But, between May 22 and yesterday I had taken "The Basics of Archives," a distance learning course offered by the American Association for State and Local History. Gwenn Stearn at the Rhode State State Archive was kind enough to send me the course on a CD-ROM, courtesy of the Rhode Island Historical Records Advisory Board.
My notes from the BACE course offered this sage advice on arranging manuscript collections under two guiding principles:
Provenance: the practice of keeping groups of records together based on who created them.
Original Order: maintaining records in their original order reveals how the creator used the records.
Case 1)I went with Case 3. BACE supplied me with two possible scenarios for Case 3 collections:
The records are well organized, record series are easy to determine, and the arrangement necessary seems almost obvious.
The records are relatively organized, but more work needs to be done to analyze collections and record series.
Case 3) The records are a mess.
Scenario A: You can identify records series
Scenario B: You cannot identify series or original order
In these cases you may be forced to create an order for the records. Archivists generally arrange these kinds of collections in one of four ways.So I would need to impose some semblance of order on the collection. Two concerns immediately arose. First, the BACE course had red-flagged the potentially destructive presence of paper and especially newspaper in a collection.
• If you must impose an order on the records, pick one of these arrangement schemes and stick with it.Types of materials• Records are divided into groups based on what they are--correspondence, diaries, photographs, and minutes, for example.Functions or roles of the creator
• Records are divided into groups based on activities. A college professor’s papers might be divided into personal life, teaching and research, professional service, and community service.Chronology
• Regardless of the type of record, everything is placed in chronological order.Topic
• Topics are identified and the records grouped by topic. The topics should reflect the person’s life or activities—not the subjects the archivist thinks people will want to research because research trends change over time.
PaperA conversation back in June with Kirsten Hammerstrom, the Director of Collections at the Rhode Island Historical Society, only reinforced my suspicion that my first task should be to catalog and isolate the newspaper collection. So the safest place to start seemed to be with the newspapers, and I began cataloging and storing the newspaper collection. I am sure there are more buried under things I haven't moved yet, but all the newspapers piled on the floor under the west window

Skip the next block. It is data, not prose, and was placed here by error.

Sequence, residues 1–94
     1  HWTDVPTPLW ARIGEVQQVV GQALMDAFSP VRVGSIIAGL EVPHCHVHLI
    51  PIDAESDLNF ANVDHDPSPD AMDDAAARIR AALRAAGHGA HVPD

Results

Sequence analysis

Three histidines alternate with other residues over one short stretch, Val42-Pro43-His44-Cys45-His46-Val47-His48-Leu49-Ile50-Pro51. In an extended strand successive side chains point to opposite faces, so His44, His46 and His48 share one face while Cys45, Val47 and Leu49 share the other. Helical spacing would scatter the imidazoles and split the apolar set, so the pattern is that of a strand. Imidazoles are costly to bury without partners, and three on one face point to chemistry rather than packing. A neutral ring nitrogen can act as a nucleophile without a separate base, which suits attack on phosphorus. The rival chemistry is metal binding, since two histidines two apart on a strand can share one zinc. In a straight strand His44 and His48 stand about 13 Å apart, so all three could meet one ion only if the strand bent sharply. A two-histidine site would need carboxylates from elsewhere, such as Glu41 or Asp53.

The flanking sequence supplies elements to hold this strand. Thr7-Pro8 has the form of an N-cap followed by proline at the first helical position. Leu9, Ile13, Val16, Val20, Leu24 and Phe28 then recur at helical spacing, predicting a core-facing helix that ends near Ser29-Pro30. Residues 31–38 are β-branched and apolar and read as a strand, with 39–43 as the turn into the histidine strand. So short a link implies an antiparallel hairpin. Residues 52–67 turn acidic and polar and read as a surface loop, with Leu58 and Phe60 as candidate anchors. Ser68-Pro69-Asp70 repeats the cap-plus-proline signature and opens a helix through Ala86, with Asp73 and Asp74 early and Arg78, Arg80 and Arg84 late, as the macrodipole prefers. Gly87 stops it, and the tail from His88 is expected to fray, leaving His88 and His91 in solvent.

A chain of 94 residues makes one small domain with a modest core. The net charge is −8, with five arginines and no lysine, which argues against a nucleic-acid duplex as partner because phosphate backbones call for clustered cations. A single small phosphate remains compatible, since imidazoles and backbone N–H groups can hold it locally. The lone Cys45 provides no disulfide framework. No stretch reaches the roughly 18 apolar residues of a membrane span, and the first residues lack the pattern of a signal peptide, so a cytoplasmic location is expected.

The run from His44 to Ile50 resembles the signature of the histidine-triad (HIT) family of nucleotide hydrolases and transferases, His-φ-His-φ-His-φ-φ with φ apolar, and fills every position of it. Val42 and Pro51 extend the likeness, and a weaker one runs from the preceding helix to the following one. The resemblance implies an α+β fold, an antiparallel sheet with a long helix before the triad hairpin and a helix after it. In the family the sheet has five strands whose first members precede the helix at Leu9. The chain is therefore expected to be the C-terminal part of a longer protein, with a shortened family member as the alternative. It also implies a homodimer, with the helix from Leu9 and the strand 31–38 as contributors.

• Paper created before about 1840 was made primarily from cotton and flax rags turned into pulp. This paper is strong and quite stable. When stored correctly, this paper can last for hundreds of years.
• After 1840, modern paper production used trees as the source of pulp. This paper produces acid when exposed to air and moisture.
Newsclippings within a Collection
Newspaper is particularly unstable due to the large percentage of acidic ground wood pulp in the manufacturing process and the lack of protective alkaline buffers.
• The best way to save your old newspaper clippings is to make photocopies onto good quality archival paper and discard the originals.
• Old newsclippings can contaminate other records around them because the newsprint is highly acidic.
I came back today and worked for a few more hours. I had picked up some storage boxes, and brought those in. I cleared everything out of what had once been a pantry except for some maps on one of the shelves that are in such fragile condition I don't dare move them for the time being. I tidied up the random piles, and took out some empty cardboard boxes that are really just garbage, leaving them to be "de-accessioned" by one of the board members. I also removed the 48-star flag and the table from the middle of the library space. The table fits perfectly in the now-cleaned-out pantry, and may make a good work space once I get going again. It is possible to walk across the room once more.
But my second concern. I want to talk to people with training and expertise in this area, to find out how in a general way they might impose some semblance of order on the materials, before I do something that would be difficult or time-consuming to undo later on. In the meantime, I have gotten a start on what looks to be a lengthy and quite interesting project!